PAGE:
Support independent arts journalism by joining our Patreon! Currently $5/month.

About Superconductor

Our motto: "Critical thinking in the cheap seats." Unbiased, honest classical music and opera opinions, occasional obituaries and classical news reporting, since 2007. All written content © 2019 by Paul J. Pelkonen. For more about Superconductor, visit this link. For advertising rates, click this link. Follow us on Facebook.

Tuesday, January 29, 2008

Opera Review: Can it Core a Apple?

The Met's new Hansel and Gretel
Ooh! Cake! The hell-mouth from Hansel and Gretel.
Photo by Ken Howard © 2007 The Metropolitan Opera.
The Metropolitan Opera's new production of Hansel and Gretel (which is actually imported from the Welsh National Opera) tosses out the traditional gingerbread staging in favor of an edgy surreal fairy-tale world that owes debts to Salvador Dali and Saw.

The controversial staging, however, is overwhelmed by the quality of this first-rate cast and the Met's always-reliable orchestra. Everything in Richard Jones' staging is fixated on food, from the opening scene where the children are starving in a bare Honeymooners kitchen to the "dream ballet" where the angels descend to earth in the form of portly chefs, each bearing a delicacy on a silver charger. (As far as we could tell from our Family Circle perspective, none of them were leftover props from Salome.)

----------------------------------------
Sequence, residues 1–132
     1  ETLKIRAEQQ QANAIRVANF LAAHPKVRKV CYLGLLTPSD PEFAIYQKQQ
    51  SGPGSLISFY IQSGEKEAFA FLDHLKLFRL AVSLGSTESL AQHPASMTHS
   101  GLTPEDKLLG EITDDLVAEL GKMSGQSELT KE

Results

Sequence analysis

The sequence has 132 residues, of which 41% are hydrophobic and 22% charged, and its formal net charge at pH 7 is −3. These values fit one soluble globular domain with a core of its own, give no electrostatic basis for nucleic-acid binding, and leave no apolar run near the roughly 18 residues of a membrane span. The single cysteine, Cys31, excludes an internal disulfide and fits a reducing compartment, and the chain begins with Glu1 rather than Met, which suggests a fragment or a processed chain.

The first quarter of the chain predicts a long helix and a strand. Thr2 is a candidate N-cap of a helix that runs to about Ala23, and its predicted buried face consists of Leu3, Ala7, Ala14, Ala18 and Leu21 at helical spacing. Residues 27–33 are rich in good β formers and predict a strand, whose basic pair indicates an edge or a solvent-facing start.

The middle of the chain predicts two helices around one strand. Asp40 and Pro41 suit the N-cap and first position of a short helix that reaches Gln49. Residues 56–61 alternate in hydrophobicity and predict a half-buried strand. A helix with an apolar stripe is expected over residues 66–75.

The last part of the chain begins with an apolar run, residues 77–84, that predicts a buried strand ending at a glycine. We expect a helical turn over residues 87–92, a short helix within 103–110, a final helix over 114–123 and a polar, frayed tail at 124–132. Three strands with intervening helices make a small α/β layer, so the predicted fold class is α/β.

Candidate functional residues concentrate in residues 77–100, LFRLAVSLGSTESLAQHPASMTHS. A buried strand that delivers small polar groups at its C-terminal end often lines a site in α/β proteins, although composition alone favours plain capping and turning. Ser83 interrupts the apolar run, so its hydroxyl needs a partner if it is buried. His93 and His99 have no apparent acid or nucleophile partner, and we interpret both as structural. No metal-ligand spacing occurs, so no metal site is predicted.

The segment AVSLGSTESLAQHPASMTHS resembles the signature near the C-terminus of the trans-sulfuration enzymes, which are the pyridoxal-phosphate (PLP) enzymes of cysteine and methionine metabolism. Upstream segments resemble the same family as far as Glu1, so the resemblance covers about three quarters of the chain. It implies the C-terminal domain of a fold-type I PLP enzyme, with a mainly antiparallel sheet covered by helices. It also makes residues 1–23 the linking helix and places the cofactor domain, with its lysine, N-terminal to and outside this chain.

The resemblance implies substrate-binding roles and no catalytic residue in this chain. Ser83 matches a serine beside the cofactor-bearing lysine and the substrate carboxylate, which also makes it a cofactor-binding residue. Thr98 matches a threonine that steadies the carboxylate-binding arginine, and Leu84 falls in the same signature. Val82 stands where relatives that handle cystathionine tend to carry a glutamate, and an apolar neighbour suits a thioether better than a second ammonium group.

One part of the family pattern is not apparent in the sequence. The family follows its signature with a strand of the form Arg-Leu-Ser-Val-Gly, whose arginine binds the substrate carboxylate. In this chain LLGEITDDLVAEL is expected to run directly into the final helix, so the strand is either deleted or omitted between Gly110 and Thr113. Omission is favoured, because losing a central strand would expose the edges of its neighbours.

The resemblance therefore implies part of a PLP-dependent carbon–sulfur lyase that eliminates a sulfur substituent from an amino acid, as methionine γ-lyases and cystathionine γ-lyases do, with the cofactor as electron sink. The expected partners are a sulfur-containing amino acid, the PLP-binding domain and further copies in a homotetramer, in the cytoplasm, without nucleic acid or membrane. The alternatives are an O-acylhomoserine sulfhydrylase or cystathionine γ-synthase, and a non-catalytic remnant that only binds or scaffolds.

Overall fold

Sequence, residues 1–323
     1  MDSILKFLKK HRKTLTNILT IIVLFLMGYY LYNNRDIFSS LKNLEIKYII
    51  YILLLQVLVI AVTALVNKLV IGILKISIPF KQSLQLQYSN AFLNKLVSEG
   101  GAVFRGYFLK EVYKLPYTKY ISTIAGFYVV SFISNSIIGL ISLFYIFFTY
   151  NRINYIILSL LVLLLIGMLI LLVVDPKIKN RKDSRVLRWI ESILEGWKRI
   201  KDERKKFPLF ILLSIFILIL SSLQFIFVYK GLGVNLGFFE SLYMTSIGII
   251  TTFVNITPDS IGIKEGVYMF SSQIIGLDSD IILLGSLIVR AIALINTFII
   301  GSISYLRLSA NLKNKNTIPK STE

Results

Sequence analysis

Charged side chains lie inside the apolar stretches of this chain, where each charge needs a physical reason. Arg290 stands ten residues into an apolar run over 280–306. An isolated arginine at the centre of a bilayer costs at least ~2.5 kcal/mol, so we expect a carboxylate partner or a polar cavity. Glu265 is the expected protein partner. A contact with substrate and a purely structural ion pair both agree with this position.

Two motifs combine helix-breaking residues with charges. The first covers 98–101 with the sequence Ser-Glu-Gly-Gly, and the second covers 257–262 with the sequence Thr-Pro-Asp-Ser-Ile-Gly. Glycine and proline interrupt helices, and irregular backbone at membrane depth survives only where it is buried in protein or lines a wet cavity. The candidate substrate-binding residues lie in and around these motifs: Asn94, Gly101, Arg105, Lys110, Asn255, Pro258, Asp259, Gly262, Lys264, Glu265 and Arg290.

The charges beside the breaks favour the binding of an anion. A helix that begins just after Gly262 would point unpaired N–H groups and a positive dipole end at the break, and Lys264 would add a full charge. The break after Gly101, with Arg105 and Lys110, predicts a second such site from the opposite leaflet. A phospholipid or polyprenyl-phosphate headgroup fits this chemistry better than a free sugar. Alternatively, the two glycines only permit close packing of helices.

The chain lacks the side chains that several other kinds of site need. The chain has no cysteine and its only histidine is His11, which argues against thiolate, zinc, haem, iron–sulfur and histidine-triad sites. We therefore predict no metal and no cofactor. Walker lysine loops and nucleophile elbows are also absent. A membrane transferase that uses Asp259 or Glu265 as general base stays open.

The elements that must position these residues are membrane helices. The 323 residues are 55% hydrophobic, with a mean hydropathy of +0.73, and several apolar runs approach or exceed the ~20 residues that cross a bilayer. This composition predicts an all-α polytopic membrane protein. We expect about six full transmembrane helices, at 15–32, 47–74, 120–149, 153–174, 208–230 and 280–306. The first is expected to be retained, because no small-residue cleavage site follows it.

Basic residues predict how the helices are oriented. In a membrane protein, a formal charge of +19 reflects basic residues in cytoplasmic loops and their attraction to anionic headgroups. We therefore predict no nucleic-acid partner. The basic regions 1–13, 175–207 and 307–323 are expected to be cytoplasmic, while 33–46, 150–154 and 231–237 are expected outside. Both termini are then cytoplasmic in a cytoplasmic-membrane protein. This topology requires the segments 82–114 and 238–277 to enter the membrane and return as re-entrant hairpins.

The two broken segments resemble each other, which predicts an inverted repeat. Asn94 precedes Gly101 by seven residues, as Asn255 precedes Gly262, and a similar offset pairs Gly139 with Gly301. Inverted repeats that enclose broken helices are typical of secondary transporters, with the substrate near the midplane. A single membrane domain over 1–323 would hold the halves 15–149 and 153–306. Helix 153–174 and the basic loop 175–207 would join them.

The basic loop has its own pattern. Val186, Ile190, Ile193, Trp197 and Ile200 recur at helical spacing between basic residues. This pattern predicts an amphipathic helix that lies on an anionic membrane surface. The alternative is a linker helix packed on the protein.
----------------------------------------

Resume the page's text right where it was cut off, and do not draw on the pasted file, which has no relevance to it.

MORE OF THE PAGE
Visually, this ain't subtle. The Witch's Ride is represented as a huge, lipless, screaming mouth--a nightmare image that recalls Edvard Munch's paintings as well as the Rolling Stones' Andy Warhol logo. The forest is a giant, menacing dining room tricked out in green leafy wallpaper with an antler-chandelier straight out of Twin Peaks. And the dream ballet is led, inexplicably by a half-man-half-sardine wearing a very nice tuxedo.

The conducting and vocal performances were anchored by Alan Titus' sturdy Father and Philip Langridge's bring-down-the-house turn as the Witch. This great British tenor looks and acts like he's stepped out of a John Waters film.

However, one wonders why the Met decided to cast Christine Schäfer, a talented German singer for a production staged in English? She sings well opposite the boorish, rambunctious Hansel of Alice Coote, but sounds uncomfortable in another language. Vladimir Jurowski led a strong, Wagnerian performance from the Met pit. The enthusiasm of the brass section proved an even greater menace to the singers than the Witch.

Trending on Superconductor


Share My Blog!

Share |

Critical Thinking in the Cheap Seats